Background: In the United States, blacks/African Americans and Hispanics/Latinos are disproportionately affected by HIV. Increasing access to care for people living with HIV (PLWH) and reducing HIV-related disparities are key national objectives. Data-to-Care (D2C) is a public health strategy that uses HIV surveillance and other data to improve linkage, retention, and health outcomes for PLWH who are not linked to medical care.
Description: The Care and Prevention in the United States (CAPUS) project implemented in 2012-2016 by eight state health departments included a combination of interventions to reduce HIV-related morbidity, mortality, and disparities among racial/ethnic minorities. A key component of CAPUS required grantees to develop capacity to use HIV surveillance and other data to:
a) identify and help PLWH link to or re-engage with care,
b) monitor their clinical outcomes, and
c) improve the quality of care and prevention services provided to them.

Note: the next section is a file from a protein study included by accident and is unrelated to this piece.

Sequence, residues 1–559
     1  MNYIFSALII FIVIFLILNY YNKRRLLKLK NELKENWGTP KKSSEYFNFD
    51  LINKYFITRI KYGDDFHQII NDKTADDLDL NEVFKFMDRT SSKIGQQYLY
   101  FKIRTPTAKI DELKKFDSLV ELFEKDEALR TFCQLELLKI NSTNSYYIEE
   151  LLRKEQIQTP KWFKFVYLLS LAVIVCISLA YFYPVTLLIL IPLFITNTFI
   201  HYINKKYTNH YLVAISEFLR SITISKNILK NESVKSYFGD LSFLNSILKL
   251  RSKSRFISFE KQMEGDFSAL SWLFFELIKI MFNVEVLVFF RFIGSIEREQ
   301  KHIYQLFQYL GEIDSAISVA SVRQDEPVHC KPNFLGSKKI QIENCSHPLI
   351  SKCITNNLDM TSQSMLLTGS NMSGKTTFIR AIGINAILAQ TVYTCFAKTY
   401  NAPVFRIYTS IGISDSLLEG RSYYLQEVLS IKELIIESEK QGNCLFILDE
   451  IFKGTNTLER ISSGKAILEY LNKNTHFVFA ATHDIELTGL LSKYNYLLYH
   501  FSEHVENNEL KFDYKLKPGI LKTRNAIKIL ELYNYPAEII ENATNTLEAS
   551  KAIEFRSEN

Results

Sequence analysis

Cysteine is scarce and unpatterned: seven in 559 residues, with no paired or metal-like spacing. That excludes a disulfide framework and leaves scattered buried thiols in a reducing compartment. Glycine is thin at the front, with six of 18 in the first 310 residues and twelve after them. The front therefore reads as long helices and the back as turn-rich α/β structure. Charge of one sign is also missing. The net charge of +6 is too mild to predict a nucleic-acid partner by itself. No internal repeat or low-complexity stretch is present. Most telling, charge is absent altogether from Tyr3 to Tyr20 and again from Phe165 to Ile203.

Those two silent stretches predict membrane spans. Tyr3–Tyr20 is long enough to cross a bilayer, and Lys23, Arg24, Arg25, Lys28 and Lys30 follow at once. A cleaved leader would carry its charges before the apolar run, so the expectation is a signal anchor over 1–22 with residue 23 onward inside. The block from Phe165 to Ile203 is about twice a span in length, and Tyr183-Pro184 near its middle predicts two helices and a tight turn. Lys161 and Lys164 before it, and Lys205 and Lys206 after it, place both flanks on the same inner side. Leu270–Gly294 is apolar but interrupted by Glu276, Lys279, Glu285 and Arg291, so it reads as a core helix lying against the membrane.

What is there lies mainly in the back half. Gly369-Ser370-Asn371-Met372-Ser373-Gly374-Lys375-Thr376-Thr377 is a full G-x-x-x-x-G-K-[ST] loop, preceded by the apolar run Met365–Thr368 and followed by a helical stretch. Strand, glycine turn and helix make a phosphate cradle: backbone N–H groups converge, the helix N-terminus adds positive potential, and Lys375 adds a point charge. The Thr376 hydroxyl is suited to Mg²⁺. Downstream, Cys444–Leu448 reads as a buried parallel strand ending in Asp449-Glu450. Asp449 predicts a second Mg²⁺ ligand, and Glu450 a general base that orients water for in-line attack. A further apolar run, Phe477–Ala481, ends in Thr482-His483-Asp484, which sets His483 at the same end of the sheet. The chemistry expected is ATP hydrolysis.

We synthesized qualitative and quantitative data reported by grantees to describe their D2C implementation and outcomes.
Lessons learned: Grantees enhanced their capacity to implement D2C by improving their data systems; integrating surveillance, care and prevention data; and enacting policies and procedures for using surveillance information for program follow-up. Using multiple data systems, grantees identified and contacted 4,952 PLWH presumed to be not-in-care (64.0% blacks/African Americans, 29.2% whites, 4.1% Hispanic/Latino). Of those, only 36.6% were confirmed as not-in-care (41.6% of blacks/African Americans, 30.9% of Hispanic/Latinos, 25.2% of whites). Linkage services were provided to 57% of those confirmed as not-in-care (60.5% of blacks/African Americans, 58.7% of Hispanics/Latinos, 42.5% of whites). Overall, 82.4% of those provided linkage services were linked to or re-engaged with medical care (84.4% of blacks/African Americans, 78.4% of Hispanics/Latinos, 69.7% of whites).
Conclusions/Next steps: CAPUS grantees enhanced their capacity to use surveillance and other data to identify PLWH who were not-in-care and link to or re-engage them with medical care. Better outcomes for blacks/African Americans and Hispanics/Latinos, compared to whites, suggest that D2C programs that prioritize racial/ethnic minorities may help address disparities in access to HIV medical care. Further improvements in data systems and outreach services are essential for the success and scale-up of D2C programs.